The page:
The Atacama Large Millimeter/submillimeter Array (ALMA), an international astronomy facility, is a partnership of the European Organisation for Astronomical Research in the Southern Hemisphere (ESO), the U.S. National Science Foundation (NSF), and the National Institutes of Natural Sciences (NINS) of Japan in cooperation with the Republic of Chile. ALMA is funded by ESO on behalf of its Member States, by NSF in cooperation with the National Research Council of Canada (NRC) and the National Science and Technology Council (NSTC) in Taiwan and by NINS in cooperation with the Academia Sinica (AS) in Taiwan and the Korea Astronomy and Space Science Institute (KASI).
ALMA construction and operations are led by ESO on behalf of its Member States; by the National Radio Astronomy Observatory (NRAO), managed by Associated Universities, Inc. (AUI), on behalf of North America; and by the National Astronomical Observatory of Japan (NAOJ) on behalf of East Asia. The Joint ALMA Observatory (JAO) provides the unified leadership and management of the construction, commissioning, and operation of ALMA.
Amy C. Oliver, FRAS
Public Information & News Manager, NRAO
More News From Atacama Large Millimeter/submillimeter Array
Scientists studying the supermassive black hole at the heart of the M87 galaxy have revealed the origins of the monster’s powerful jet and imaged the jet and its source together for the first time. What’s more, the observations have revealed that the black hole’s ring is much larger than scientists previously believed.
Radio astronomers have observed galaxies billions of light years away. But how do they know just how far away those galaxies are?
On March 13th, 2023, astronomers around the world will mark the 10th anniversary of the inauguration of the Atacama Large Millimeter/submillimeter Array (ALMA), the world’s largest radio telescope. Over the past decade, the international ALMA collaboration— led by the U.S. National Science Foundation’s National Radio Astronomy Observatory (NRAO), the European Southern Observatory (ESO), and the National Astronomical Observatory of Japan (NAOJ)— has revolutionized our understanding of the Universe and unveiled its secrets, from the formation of planets, stars, and galaxies to deciphering the chemistry of the cosmos, and even taking part in capturing the first images of black holes.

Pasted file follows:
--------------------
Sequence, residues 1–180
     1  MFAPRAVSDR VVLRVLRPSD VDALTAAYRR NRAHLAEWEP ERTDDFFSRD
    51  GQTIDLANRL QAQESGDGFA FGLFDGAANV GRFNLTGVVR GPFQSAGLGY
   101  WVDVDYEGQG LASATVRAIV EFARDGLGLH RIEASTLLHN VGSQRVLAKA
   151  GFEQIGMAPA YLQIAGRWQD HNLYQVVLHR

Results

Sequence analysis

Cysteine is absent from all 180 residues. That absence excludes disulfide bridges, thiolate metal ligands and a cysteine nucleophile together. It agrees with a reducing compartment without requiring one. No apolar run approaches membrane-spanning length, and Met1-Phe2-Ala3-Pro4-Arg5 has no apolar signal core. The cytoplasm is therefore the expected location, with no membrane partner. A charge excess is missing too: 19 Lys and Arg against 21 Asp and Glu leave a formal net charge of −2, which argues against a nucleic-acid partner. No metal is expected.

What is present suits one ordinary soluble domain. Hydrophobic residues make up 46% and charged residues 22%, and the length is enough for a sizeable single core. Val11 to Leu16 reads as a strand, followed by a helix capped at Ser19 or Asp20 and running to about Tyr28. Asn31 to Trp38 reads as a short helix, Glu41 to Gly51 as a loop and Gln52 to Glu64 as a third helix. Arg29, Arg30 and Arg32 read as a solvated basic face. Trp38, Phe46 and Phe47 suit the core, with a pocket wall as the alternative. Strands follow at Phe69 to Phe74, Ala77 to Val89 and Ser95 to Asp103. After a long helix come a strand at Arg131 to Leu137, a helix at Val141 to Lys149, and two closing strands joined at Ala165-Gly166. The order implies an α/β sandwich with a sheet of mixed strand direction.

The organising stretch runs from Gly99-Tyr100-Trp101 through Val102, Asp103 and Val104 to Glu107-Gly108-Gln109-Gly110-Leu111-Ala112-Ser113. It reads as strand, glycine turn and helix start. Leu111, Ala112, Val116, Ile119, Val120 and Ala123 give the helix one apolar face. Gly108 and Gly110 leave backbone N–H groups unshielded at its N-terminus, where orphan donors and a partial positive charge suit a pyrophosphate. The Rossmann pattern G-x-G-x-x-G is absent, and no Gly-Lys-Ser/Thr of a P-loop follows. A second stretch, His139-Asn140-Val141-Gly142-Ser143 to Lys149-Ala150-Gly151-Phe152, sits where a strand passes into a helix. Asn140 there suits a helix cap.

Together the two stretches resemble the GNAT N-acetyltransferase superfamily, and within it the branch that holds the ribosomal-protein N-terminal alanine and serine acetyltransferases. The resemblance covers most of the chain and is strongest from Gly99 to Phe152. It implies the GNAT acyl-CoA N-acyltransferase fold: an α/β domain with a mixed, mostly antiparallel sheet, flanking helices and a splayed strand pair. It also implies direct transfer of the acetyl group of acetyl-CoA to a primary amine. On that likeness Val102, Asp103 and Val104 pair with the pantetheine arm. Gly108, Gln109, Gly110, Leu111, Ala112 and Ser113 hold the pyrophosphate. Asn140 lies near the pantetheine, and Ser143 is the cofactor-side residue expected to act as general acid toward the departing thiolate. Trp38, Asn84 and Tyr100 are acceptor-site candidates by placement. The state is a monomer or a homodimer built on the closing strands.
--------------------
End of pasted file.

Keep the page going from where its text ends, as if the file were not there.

Scientists studying a nearby protostar have detected the presence of water in its circumstellar disk. The new observations made with the Atacama Large Millimeter/submillimeter Array (ALMA) mark the first detection of water being inherited into a protoplanetary disk without significant changes to its composition. These results further suggest that the water in our Solar System formed billions of years before the Sun. The new observations are published today in Nature.
More News Related to Protoplanets and Exoplanets
The Universe is a dynamic and exciting place, with stars, planets, and galaxies being born, dying, and undergoing dramatic changes. In 2022, the telescopes of the National Science Foundation’s National Radio Astronomy Observatory (NRAO) revealed fascinating new details about several of these processes, and we’re giving you a taste of the greatest radio astronomy moments of the year.
Scientists using the Atacama Large Millimeter/submillimeter Array (ALMA)— in which the National Radio Astronomy Observatory (NRAO) is a partner— to study planet formation have made the first-ever detection of gas in a circumplanetary disk. What’s more, the detection also suggests the presence of a very young exoplanet.
Most planets orbit a star, but some planets can escape and “go rogue.” But how do astronomers study planets that wander the cold dark of interstellar space? Join our host, Summer Ash of the National Radio Astronomy Observatory, as she talks about how radio astronomers study rogue planets.